Neil Munro Wins Immigration Journalism Award

By CIS May 2015

Washington, D.C. (June 1, 2015) – Neil Munro, formerly with The Daily Caller, is the 2015 recipient of the Eugene Katz Award for Excellence in the Coverage of Immigration. The award, presented annually by the Center for Immigration Studies, highlights good reporting on a topic where herd thinking and unquestioned assumptions are the norm.

View the video from the 2015 Katz Award Ceremony
View the transcript from the 2015 Katz Award Ceremony
View more information on the Katz Award

As the White House correspondent at the Daily Caller, Munro has explored the immigration’s impact on less-skilled workers and on white-collar tech workers, the impacts on communities saddled with Central American illegal aliens waved across the border by the present administration, and the impact on individual families whose immigration paperwork is held up as amnesty applicants are given priority and moved to the front of the line. He has also chronicled the growth of a pro-worker message on immigration within elements of the Republican Party.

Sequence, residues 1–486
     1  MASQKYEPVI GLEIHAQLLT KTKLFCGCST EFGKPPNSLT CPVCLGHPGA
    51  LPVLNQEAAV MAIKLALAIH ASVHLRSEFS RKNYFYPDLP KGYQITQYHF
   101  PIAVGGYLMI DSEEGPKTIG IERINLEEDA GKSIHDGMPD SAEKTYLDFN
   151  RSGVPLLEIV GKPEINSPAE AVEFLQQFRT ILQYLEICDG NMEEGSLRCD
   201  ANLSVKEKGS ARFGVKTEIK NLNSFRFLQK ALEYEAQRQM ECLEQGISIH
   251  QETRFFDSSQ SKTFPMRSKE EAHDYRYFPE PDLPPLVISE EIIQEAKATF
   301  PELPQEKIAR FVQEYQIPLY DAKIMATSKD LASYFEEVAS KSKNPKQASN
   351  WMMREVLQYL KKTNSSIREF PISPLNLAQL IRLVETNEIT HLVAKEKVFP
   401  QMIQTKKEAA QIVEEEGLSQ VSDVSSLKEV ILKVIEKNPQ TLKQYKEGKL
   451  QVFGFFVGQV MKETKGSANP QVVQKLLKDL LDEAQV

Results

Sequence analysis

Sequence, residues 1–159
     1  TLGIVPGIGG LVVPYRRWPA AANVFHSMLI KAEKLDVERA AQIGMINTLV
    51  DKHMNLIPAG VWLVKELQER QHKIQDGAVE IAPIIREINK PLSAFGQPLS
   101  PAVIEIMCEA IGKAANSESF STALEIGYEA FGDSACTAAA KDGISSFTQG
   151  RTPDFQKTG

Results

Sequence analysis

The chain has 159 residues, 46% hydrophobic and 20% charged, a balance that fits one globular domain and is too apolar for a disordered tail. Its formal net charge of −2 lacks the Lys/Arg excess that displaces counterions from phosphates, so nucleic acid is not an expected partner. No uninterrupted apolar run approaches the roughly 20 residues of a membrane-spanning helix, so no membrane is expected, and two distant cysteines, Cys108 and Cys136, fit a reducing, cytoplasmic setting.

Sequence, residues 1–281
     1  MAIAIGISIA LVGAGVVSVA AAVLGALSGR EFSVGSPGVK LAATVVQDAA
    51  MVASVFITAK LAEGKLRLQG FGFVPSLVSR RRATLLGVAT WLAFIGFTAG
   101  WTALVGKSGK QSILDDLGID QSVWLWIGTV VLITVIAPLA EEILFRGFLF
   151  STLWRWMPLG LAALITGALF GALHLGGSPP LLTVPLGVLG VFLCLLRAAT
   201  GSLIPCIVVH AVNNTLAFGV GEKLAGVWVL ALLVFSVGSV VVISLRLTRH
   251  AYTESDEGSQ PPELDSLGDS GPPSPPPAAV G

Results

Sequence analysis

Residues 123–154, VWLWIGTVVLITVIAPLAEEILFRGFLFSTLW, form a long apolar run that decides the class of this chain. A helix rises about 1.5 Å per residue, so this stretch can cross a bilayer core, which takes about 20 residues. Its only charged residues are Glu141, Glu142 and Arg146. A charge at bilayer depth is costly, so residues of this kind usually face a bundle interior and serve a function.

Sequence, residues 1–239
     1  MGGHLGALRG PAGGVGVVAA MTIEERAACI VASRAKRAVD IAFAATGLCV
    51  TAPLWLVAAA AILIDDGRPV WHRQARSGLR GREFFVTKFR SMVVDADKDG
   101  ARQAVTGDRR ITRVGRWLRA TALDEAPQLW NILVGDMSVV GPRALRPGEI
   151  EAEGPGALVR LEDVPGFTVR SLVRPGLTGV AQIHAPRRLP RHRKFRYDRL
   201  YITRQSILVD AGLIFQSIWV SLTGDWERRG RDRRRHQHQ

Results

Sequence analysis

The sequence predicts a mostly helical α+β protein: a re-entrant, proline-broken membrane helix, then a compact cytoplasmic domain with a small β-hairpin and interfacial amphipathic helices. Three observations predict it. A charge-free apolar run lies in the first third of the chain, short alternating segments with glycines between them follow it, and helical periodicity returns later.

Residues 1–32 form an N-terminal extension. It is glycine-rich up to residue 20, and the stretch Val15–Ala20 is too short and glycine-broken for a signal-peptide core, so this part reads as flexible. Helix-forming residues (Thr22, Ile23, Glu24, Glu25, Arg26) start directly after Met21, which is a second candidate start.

Mark Krikorian, Executive Director of the Center, presented the award, commending Munro for “his doggedness in shining light on immigration’s impact on ordinary Americans.”

Stephen Miller, Director of Communications for Senator Jeff Sessions, said in his keynote speech, “Neil, unlike so many of the people who cover immigration, provides the context and provides the language and provides the information that makes it possible to understand” the complex immigration issue.

In accepting the award, Munro stated that all he did “when working at Daily Caller was just apply the standard rules: count the numbers, follow the money, challenge authority, and write cleanly.”

“I am an immigrant, and I have a price to pay. I have a favor to return.” He continued, “Covering this issue fairly and properly is a small part of the repayment I owe to Americans and their parents and ancestors.”

This award was inaugurated in 1997 to highlight good reporting in a field where so much of the coverage is marred by more than the usual degree of bias. It is named in memory of Eugene Katz, a native New Yorker who, after attending Dartmouth and Oxford, started his career as a reporter for the Daily Oklahoman. In 1928, he joined the family business, working as an advertising salesman for the Katz Agency, and in 1952 became president of Katz Communications, a half-billion-dollar firm which not only dealt in radio and television advertising but also owned and managed a number of radio stations. Mr. Katz was a member of the Center for Immigration Studies board until shortly after his 90th birthday in 1997. He passed away in 2000.

Contact: Marguerite Telford
202-466-8185, mrt@cis.org


CIS